UK Is First Country to Approve Three-Parent Baby Fertility Treatments
The United Kingdom is the first country to approve “three-parent” fertility treatments after receiving a nod from regulatory authorities, a decision that is likely to allow women in the UK with mitochondrial disease to have a healthy baby.
Lawmakers in the UK had voted earlier this year to allow the treatment, but clinics still needed to be licensed from the Human Fertilization and Embryology Authority (HFEA).
The HFEA approved the “cautious use” of the treatment Dec. 15. Approvals be granted on a case-by-case basis, with the first licenses expected to be issued by April 2017.
The three-parent fertility treatment, which uses in-vitro fertilization (IVF), uses DNA from two women and a man, allowing mothers who carry disease-causing mutations in their mitochondrial genes to give birth to healthy children.
Sally Cheshire, HFEA chair, called the decision to license the treatment “historic and important” as well as a “world first.”
“I’m sure patients who might be in line for this treatment will be really pleased by what we’ve decided today,” Cheshire said in a news release, adding they “will proceed with caution.”
Andrew Greenfield, an HFEA member, said the board decided to approve the treatment because evidence suggested they should move forward – an independent panel of experts said this practice could be adopted cautiously to prevent certain genetic diseases from passing on to future generations.
The method was recommended by the independent panel only in particular circumstances where inherited diseases could cause death or serious disease and where there were no other alternatives.
The independent review was published in Nature on Nov. 30.
Mitochondrial disease causes symptoms ranging from poor vision to muscle wasting and health providers estimate that around 125 babies are born with the mutations in the UK each year.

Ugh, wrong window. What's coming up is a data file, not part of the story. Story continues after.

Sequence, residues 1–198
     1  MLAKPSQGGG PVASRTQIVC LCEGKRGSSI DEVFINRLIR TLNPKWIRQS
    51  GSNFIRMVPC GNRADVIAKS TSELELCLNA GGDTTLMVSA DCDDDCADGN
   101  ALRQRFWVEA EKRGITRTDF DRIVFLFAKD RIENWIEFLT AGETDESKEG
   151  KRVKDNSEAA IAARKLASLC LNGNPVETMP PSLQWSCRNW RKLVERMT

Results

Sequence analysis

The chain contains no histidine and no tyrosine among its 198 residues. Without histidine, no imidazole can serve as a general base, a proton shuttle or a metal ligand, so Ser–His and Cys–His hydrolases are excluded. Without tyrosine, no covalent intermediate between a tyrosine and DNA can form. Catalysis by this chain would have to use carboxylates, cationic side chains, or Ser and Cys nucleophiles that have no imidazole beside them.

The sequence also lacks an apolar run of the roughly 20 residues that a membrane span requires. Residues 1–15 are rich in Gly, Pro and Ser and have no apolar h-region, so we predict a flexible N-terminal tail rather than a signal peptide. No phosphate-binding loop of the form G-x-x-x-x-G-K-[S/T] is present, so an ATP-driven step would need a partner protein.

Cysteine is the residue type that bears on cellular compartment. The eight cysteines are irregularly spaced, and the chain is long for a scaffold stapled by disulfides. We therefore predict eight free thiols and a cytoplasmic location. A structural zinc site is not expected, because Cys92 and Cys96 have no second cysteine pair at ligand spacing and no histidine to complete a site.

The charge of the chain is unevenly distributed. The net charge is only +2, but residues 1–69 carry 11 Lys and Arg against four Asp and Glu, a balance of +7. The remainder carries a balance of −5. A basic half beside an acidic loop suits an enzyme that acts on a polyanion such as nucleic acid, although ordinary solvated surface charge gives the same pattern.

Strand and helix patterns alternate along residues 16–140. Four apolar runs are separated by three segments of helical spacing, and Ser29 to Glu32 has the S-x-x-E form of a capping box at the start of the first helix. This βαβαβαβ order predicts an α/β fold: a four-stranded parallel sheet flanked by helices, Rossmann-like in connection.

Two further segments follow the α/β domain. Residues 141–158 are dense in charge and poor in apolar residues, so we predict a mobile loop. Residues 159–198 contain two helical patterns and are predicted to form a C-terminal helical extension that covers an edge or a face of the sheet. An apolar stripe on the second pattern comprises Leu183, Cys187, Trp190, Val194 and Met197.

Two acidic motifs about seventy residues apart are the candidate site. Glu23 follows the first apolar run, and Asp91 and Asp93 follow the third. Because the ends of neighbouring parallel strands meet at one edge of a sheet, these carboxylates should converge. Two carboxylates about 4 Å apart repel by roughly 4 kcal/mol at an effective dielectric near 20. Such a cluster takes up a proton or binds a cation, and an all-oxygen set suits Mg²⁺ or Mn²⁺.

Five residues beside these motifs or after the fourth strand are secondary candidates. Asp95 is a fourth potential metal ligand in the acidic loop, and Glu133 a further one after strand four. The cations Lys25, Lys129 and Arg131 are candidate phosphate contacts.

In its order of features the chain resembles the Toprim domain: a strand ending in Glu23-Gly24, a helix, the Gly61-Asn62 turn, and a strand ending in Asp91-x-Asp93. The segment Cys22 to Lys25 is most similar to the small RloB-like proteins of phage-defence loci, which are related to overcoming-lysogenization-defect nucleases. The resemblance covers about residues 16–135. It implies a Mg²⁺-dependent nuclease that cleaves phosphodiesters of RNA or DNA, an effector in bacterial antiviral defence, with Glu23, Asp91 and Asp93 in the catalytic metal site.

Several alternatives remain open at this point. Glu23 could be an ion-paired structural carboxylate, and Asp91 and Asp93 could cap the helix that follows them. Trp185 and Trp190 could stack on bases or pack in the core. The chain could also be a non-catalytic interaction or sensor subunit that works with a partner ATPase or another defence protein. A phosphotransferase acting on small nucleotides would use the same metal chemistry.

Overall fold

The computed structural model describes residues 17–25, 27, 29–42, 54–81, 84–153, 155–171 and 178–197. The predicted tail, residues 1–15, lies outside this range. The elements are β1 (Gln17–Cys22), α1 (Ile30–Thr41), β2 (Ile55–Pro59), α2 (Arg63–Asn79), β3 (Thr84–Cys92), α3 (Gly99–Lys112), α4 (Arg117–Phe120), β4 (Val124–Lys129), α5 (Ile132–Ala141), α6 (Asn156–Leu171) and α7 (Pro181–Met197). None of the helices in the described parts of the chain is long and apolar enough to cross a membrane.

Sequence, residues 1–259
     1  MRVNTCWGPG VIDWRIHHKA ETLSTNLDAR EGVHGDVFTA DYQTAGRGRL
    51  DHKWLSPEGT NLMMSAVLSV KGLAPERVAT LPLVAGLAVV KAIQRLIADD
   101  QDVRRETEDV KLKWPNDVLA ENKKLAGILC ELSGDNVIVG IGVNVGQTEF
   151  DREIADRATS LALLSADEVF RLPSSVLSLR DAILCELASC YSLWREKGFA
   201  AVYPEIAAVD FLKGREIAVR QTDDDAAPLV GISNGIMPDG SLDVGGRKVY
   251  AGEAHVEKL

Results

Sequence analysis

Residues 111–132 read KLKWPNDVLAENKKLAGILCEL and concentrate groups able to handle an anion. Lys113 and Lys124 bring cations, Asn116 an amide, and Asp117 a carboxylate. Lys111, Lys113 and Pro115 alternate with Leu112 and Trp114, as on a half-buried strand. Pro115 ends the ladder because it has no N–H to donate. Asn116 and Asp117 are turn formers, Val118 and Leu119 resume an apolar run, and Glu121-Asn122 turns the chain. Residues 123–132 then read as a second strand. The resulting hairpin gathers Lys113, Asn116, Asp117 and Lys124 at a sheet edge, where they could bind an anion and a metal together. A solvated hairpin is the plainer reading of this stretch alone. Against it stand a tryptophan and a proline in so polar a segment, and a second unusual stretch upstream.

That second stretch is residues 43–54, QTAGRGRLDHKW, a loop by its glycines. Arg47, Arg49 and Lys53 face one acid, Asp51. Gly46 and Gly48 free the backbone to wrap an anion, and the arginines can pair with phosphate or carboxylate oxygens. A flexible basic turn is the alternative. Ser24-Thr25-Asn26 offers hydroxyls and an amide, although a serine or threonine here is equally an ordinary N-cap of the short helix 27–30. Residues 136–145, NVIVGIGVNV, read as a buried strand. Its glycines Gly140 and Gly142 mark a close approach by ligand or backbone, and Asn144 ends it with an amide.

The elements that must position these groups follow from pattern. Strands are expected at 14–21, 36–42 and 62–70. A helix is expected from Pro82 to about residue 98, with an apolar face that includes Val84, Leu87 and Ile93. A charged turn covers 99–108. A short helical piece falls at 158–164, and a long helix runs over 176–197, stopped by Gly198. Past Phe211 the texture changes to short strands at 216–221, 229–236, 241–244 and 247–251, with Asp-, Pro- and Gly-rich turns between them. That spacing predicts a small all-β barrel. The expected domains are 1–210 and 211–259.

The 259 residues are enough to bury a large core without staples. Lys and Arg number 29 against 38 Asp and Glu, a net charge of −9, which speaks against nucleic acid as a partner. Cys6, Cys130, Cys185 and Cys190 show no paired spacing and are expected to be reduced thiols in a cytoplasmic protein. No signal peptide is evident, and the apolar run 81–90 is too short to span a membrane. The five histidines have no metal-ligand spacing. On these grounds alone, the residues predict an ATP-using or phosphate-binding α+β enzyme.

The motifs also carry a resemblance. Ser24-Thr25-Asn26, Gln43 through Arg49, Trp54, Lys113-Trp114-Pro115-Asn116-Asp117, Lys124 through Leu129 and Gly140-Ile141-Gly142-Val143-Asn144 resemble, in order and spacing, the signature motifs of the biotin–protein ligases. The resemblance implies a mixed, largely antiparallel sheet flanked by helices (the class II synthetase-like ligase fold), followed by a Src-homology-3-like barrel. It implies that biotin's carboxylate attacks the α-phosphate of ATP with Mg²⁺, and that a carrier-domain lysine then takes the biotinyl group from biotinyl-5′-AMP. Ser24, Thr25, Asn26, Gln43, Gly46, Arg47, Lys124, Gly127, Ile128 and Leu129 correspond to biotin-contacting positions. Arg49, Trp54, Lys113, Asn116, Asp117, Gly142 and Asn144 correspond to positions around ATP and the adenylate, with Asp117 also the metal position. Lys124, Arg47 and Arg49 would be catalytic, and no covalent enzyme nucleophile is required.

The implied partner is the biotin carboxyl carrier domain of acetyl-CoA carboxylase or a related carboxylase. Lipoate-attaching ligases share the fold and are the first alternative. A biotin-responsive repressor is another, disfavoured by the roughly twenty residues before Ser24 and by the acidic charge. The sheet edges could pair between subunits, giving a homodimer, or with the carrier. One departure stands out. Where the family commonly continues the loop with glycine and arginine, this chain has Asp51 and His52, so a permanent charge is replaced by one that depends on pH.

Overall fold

The first baby conceived using mitochondrial donation was born earlier this year in Mexico, where the use of this fertility treatment is still unregulated.
Cheshire is confident regarding the ethics of the treatment, which could benefit 3,000 families in the UK.
“We relied on an expert panel of international scientists,” Cheshire said. “This is five years … with an extensive public dialogue, and a very heavy debate in parliament.”
The method uses the usual nuclear DNA from the mother and father and a small amount of healthy mitochondrial DNA (mDNA) from a female donor.
The first women could start receiving the treatment in March or April 2017 through the Wellcome Center for Mitochondrial Research at Newcastle University.
“We are delighted by today’s decision,” said Doug Turnbull, director of research at the center. “In Newcastle, we will be aiming to treat up to 25 carefully selected patients a year with the mitochondrial donation technique.”
The approach is promising, but its success is not guaranteed. Robert Meadowcroft, CEO of the Muscular Dystrophy, a charity organization, said the situation could give people hope and choice for the first time, if “we recognize this approach is not without some uncertainty, and, in any trial, success cannot be guaranteed.”
The treatment remains controversial. The Roman Catholic Church opposes the method because of the necessary destruction of human embryos in the process, while the Church of England fears some ethical questions have not been fully explored.